Ashia Ajani

With the Help of High Expectations

Ashia Ajani — ’21 MEM (she/they)
“Working on the climate and science team at the David and Lucile Packard Foundation is very different from any work I’ve done before. It’s eye-opening to see how a large philanthropic organization functions in light of this moment’s equity and justice issues. Packard is stepping up to look at structural racism and try to create change, including grappling with questions like ‘How do you maximize the impact of money?’ and ‘How can we change the mindset of philanthropy so it prioritizes leadership from Black-led organizations?’”

Hometown: Denver, Colorado  
Fellowship host: The David and Lucile Packard Foundation 
Next step: Doctoral program in environmental studies at the University of Oregon 

Key takeaway from the Environmental Fellows Program: “Philanthropic support shouldn’t be a one-and-done encounter but instead a long-term commitment to redistribute wealth and empower communities.” 

“Through the fellowship, I’m working on a new initiative that aims to support Black farmers. To better advise the foundation on grant recipients, I am speaking with representatives from Black-led, rural nonprofits and other institutions about their goals and needs. For instance, we’re hoping to support the work of some historically Black colleges and universities that are training the next generation of Black farmers and landowners in sustainable agriculture practices.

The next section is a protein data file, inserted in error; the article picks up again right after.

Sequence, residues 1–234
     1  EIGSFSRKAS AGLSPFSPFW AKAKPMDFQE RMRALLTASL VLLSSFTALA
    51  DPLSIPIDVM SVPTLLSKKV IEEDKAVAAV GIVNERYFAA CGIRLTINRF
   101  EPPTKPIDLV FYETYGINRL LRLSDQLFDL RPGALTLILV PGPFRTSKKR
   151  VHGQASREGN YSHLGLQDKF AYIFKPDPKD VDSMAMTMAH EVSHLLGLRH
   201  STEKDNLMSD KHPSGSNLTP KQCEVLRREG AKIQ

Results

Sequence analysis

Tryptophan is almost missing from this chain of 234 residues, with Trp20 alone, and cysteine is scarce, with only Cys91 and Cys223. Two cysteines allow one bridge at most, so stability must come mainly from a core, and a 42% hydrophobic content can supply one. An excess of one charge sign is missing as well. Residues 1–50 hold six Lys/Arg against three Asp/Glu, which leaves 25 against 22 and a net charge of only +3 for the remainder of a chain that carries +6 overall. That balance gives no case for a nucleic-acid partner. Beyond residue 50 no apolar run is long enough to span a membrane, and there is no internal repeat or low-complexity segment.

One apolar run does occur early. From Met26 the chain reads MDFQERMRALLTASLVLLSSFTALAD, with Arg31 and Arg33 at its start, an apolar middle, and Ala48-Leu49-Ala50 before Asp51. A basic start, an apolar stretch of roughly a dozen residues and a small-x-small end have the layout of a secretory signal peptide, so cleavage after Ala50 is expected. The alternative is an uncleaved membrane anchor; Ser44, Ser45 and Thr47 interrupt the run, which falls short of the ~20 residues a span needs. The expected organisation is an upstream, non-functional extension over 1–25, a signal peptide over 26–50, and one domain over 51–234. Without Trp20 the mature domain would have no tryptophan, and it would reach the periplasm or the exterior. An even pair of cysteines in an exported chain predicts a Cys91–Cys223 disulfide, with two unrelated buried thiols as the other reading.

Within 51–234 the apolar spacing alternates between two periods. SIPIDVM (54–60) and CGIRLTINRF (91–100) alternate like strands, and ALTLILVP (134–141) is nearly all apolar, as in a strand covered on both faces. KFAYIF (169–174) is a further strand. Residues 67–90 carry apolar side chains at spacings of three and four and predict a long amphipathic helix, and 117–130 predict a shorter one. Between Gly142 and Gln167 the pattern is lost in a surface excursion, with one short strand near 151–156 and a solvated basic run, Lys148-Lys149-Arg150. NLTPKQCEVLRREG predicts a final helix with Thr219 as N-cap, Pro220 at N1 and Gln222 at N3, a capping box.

“I see connections between my fellowship work and my undergraduate thesis that looked at the disproportionate environmental burdens among peoples of color, tracing it back to the beginning of colonialism. I think we have to really reckon with those origins. Sometimes I ask myself whether I’m making any difference by writing about climate change. But I think we’re all contributing in diverse ways, and I’m inspired by the wide range of work we fellows are doing. The fellowship as a whole has helped me prepare for my next step of a PhD program. I think Dr. Taylor wants to ensure that students of color have the resume and necessary professional experiences so we can move up through the ranks in our careers. She and the program have high expectations of us, and that’s been very helpful.”

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